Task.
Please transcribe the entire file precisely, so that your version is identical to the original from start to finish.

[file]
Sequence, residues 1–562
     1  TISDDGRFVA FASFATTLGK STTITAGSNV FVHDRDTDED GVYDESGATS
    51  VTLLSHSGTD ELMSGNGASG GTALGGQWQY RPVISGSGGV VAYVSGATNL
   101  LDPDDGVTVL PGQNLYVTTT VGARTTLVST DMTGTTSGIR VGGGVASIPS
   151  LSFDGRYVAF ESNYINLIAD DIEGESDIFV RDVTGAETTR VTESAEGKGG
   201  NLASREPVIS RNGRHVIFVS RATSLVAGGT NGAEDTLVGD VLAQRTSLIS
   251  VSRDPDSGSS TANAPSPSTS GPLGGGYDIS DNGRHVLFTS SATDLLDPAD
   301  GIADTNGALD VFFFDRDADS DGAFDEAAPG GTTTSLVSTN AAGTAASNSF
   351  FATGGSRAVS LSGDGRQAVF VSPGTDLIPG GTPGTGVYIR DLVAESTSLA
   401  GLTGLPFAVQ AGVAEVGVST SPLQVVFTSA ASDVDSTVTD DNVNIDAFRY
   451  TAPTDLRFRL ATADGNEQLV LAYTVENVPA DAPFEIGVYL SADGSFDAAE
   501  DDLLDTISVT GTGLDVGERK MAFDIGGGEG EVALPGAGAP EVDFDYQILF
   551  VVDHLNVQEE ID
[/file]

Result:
Sequence, residues 1–562
     1  TISDDGRFVA FASFATTLGK STTITAGSNV FVHDRDTDED GVYDESGATS
    51  VTLLSHSGTD ELMSGNGASG GTALGGQWQY RPVISGSGGV VAYVSGATNL
   101  LDPDDGVTVL PGQNLYVTTT VGARTTLVST DMTGTTSGIR VGGGVASIPS
   151  LSFDGRYVAF ESNYINLIAD DIEGESDIFV RDVTGAETTR VTESAEGKGG
   201  NLASREPVIS RNGRHVIFVS RATSLVAGGT NGAEDTLVGD VLAQRTSLIS
   251  VSRDPDSGSS TANAPSPSTS GPLGGGYDIS DNGRHVLFTS SATDLLDPAD
   301  GIADTNGALD VFFFDRDADS DGAFDEAAPG GTTTSLVSTN AAGTAASNSF
   351  FATGGSRAVS LSGDGRQAVF VSPGTDLIPG GTPGTGVYIR DLVAESTSLA
   401  GLTGLPFAVQ AGVAEVGVST SPLQVVFTSA ASDVDSTVTD DNVNIDAFRY
   451  TAPTDLRFRL ATADGNEQLV LAYTVENVPA DAPFEIGVYL SADGSFDAAE
   501  DDLLDTISVT GTGLDVGERK MAFDIGGGEG EVALPGAGAP EVDFDYQILF
   551  VVDHLNVQEE ID